Correlation in restricted ranges of dataBMJ 2011; 342 doi: https://doi.org/10.1136/bmj.d556 (Published 11 March 2011) Cite this as: BMJ 2011;342:d556
All rapid responses
In a recent statistical note in this journal, Dr. Bland and Dr.
Altman cautioned the use of the correlation of two random variables, X and
Y, in a restricted range of data (ref. 1). They concluded that when we
restrict the range of one of the random variables, says X, the correlation
coefficient between X and Y will be reduced naturally, therefore a smaller
correlation observed in a restricted range of one variable does not
necessarily imply any particular different relationship between two
variables in the range. They further explained that the reduction through
the meaning of the coefficient of determination, which measures the
proportion of the variability in Y explained by the variability in X: if
we restrict the range of one of the random variables X, we reduce the
variation in X. Therefore it will explain less variability in Y, and hence
the correlation between X and Y in the restricted range of X will
naturally be reduced.
We congratulate Dr. Bland and Altman for this important observation
on the natural reduction of the correlation coefficient if we restrict one
of the variables in a particular range. However, the explanation of the
reduction could be made clearer and more general. In addition, a
discussion on the magnitude of this reduction would be of great interest.
For example, we may want to know how this reduction is related to the
probability of X falling in the restricted range. Below, we shall
explicitly explain why the reduction occurs and how the reduction depends
on the range of the restriction.
Suppose that we are interested in estimating the correlation between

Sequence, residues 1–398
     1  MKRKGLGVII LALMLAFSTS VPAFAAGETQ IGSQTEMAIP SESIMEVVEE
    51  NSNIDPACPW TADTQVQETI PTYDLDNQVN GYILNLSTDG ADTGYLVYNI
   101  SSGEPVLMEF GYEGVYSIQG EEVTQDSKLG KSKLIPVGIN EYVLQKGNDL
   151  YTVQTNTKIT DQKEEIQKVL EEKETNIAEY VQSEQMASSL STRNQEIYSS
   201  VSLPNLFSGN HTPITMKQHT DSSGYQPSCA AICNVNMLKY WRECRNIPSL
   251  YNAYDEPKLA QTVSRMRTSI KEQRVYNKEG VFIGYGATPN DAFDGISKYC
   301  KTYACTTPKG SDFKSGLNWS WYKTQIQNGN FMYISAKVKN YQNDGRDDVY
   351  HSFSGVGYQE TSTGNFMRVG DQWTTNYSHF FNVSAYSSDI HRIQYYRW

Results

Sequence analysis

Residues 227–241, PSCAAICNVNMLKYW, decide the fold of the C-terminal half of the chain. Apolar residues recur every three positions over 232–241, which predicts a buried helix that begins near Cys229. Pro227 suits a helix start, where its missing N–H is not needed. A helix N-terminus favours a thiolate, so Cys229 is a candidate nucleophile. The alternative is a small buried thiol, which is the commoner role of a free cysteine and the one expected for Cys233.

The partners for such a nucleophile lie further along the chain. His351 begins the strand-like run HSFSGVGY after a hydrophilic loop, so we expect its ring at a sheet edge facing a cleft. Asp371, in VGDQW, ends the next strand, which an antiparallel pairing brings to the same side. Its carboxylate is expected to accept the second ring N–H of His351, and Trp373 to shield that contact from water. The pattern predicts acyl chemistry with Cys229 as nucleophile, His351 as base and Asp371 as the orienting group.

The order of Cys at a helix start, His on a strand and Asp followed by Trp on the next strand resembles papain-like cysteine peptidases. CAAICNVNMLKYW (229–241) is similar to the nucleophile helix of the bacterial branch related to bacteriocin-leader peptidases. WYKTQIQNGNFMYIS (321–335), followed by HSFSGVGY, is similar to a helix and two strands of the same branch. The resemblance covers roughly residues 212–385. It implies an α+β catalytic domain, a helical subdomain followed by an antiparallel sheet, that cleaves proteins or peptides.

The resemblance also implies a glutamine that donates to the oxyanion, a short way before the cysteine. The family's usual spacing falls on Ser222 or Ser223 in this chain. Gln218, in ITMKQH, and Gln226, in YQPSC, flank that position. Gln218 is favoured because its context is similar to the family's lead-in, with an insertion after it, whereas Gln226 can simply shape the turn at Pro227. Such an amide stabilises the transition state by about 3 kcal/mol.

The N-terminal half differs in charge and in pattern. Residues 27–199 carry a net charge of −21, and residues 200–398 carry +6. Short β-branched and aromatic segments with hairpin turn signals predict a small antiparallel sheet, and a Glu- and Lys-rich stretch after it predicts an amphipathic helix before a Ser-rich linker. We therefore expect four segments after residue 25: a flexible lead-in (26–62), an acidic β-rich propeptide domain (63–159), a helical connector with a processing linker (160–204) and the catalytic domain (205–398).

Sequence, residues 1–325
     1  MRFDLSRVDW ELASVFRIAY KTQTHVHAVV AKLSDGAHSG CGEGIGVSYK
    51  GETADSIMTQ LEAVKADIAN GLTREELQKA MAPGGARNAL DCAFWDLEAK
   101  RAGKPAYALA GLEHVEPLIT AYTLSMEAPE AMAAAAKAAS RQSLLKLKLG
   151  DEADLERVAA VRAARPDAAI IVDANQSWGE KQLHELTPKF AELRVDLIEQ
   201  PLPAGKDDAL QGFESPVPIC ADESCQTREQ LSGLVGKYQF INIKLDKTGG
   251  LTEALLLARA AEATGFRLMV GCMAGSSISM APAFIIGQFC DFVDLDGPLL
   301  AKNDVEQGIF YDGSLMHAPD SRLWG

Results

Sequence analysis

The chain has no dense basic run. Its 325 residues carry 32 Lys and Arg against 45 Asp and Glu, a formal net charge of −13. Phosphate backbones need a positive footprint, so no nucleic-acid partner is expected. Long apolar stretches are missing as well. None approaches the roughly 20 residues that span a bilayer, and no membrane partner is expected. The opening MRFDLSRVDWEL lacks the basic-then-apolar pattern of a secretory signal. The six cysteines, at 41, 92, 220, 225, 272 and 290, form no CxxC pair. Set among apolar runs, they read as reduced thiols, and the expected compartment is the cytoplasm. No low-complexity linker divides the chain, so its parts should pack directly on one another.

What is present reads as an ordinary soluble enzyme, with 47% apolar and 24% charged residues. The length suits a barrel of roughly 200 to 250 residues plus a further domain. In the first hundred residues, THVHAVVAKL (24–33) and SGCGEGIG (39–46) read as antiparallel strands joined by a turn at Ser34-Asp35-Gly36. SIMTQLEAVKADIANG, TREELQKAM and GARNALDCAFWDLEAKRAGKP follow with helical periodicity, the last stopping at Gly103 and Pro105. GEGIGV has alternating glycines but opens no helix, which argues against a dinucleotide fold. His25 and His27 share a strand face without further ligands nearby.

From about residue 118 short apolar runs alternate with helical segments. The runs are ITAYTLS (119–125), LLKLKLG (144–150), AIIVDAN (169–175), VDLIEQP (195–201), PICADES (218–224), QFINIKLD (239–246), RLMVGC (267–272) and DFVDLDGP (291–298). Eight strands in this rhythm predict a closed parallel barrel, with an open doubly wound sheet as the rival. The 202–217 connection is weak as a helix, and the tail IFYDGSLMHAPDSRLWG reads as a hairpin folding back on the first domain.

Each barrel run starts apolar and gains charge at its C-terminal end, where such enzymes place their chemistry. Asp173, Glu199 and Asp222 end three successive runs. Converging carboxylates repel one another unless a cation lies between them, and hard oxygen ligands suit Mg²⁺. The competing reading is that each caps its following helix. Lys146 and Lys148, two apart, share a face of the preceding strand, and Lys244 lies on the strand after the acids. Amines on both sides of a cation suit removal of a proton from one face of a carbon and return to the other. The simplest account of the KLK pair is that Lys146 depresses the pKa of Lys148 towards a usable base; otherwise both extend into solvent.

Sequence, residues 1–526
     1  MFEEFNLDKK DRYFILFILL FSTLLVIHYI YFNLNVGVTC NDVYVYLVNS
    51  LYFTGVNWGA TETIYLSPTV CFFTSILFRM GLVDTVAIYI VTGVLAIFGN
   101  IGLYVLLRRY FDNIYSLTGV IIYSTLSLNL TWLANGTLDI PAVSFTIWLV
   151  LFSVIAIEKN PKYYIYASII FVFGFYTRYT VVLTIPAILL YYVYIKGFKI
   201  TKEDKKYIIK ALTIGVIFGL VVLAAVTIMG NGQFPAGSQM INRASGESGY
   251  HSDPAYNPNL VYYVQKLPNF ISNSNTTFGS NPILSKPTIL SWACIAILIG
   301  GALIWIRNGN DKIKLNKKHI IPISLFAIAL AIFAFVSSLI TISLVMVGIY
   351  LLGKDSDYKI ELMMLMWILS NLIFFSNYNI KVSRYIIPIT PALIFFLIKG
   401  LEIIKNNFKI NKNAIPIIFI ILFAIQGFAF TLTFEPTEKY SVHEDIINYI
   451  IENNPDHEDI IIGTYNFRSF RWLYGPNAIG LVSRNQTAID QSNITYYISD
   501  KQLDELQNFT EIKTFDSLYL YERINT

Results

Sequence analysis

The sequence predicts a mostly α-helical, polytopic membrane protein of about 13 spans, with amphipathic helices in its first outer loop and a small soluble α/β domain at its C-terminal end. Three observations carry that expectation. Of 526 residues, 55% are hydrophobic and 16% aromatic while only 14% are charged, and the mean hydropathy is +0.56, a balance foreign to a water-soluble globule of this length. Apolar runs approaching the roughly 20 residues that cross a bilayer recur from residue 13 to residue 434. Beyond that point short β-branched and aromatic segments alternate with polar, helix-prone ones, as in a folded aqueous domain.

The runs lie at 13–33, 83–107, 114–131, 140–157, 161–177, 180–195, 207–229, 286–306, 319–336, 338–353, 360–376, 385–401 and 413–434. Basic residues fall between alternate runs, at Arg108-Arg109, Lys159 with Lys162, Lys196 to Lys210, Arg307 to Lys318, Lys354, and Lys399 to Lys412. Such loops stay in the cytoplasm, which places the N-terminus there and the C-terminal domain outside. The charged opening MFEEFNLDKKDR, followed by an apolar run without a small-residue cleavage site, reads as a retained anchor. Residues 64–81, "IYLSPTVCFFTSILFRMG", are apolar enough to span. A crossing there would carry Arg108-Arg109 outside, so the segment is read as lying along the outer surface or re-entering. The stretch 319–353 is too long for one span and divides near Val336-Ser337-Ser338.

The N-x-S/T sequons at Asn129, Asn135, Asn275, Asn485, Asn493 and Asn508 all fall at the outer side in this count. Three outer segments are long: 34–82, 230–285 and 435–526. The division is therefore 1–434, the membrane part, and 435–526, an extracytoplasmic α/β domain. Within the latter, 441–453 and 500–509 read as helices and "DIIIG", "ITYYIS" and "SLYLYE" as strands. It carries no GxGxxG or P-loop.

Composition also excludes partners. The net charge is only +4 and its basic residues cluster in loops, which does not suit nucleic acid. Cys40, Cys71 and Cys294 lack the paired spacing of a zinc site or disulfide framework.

X and Y based on a random sample of n paired samples from a bivariate
normal distribution. As a bivariate normal distribution can be
transferred to the standard bivariate normal distribution with the same
correlation coefficient, without loss of generality, we assume the
bivariate normal distribution has mean (0, 0), variance (1, 1), and a
correlation r. Now let us consider the correlation in the restricted
interval: X is between a and b. Let f(.) and F(.) denote the standard
normal probability density function and cumulative distribution function.
Similar to what we have done before (ref. 2), it can be shown that, when n
is large, the correlation in this restricted interval of X, converges to
is the variance of the truncated standard normal variable of X
within the range of (a, b).
Knowing that the variance of the truncated standard normal variable
within the range of (a, b) is smaller than or equal to 1, the variance of
the unrestricted X, we derive that the restricted correlation is less or
equal to r. Therefore, the correlation in this restricted interval of X
attenuates the correlation between X and Y. Figure 1 illustrates how the
level of attenuation depends on the range (a, b) graphically.
Specifically, it shows how the attenuation depends on the probability of X
<=a and the probability of a< X <= b.
Contributors: LN and HC equally initiated, designed, and drafted the
paper. All authors approved this version of the paper.
Views expressed in this paper are the author's professional opinions and do not necessarily represent the official positions of the U.S. Food and Drug Administration.
1. Bland JM, Altman DG. Correlation in restricted ranges of data. BMJ
2. Chu H, Nie L, Cole SR. Sample size and statistical power assessing the
effect of interventions in the context of mixture distributions with
detection limits. Stat Med 2006;25(15):2647-57.
Figure 1: The relationship between the correlation coefficients rr
for the restricted interval of X and the probability of X <= a and the
probability of a< X <= b. The 19 lines presented in each plot
correspond to the (unrestricted) coefficient being - 0.9 to 0.9 by 0.1
from top to bottom.
Competing interests: No competing interests